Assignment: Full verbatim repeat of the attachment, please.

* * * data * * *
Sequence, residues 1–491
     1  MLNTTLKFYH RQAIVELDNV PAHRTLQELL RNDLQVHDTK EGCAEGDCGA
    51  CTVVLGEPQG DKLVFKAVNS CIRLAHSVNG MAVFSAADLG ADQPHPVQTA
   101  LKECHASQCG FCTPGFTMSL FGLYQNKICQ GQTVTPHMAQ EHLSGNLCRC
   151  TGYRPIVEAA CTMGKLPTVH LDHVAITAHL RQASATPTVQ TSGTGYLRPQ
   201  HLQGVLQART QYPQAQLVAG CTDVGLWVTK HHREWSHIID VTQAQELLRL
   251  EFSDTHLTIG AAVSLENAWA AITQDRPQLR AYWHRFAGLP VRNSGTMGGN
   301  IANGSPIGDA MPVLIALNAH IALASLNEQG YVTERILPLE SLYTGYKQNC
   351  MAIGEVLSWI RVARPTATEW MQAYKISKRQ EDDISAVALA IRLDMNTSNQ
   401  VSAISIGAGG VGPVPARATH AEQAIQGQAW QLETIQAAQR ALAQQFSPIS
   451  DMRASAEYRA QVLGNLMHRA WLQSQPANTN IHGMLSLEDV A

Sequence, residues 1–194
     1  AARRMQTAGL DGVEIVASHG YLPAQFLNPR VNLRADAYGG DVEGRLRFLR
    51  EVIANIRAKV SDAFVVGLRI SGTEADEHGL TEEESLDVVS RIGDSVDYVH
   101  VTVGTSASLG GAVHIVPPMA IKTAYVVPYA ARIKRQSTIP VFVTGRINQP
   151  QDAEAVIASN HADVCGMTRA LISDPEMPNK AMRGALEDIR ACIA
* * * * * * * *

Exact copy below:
Sequence, residues 1–491
     1  MLNTTLKFYH RQAIVELDNV PAHRTLQELL RNDLQVHDTK EGCAEGDCGA
    51  CTVVLGEPQG DKLVFKAVNS CIRLAHSVNG MAVFSAADLG ADQPHPVQTA
   101  LKECHASQCG FCTPGFTMSL FGLYQNKICQ GQTVTPHMAQ EHLSGNLCRC
   151  TGYRPIVEAA CTMGKLPTVH LDHVAITAHL RQASATPTVQ TSGTGYLRPQ
   201  HLQGVLQART QYPQAQLVAG CTDVGLWVTK HHREWSHIID VTQAQELLRL
   251  EFSDTHLTIG AAVSLENAWA AITQDRPQLR AYWHRFAGLP VRNSGTMGGN
   301  IANGSPIGDA MPVLIALNAH IALASLNEQG YVTERILPLE SLYTGYKQNC
   351  MAIGEVLSWI RVARPTATEW MQAYKISKRQ EDDISAVALA IRLDMNTSNQ
   401  VSAISIGAGG VGPVPARATH AEQAIQGQAW QLETIQAAQR ALAQQFSPIS
   451  DMRASAEYRA QVLGNLMHRA WLQSQPANTN IHGMLSLEDV A

Sequence, residues 1–194
     1  AARRMQTAGL DGVEIVASHG YLPAQFLNPR VNLRADAYGG DVEGRLRFLR
    51  EVIANIRAKV SDAFVVGLRI SGTEADEHGL TEEESLDVVS RIGDSVDYVH
   101  VTVGTSASLG GAVHIVPPMA IKTAYVVPYA ARIKRQSTIP VFVTGRINQP
   151  QDAEAVIASN HADVCGMTRA LISDPEMPNK AMRGALEDIR ACIA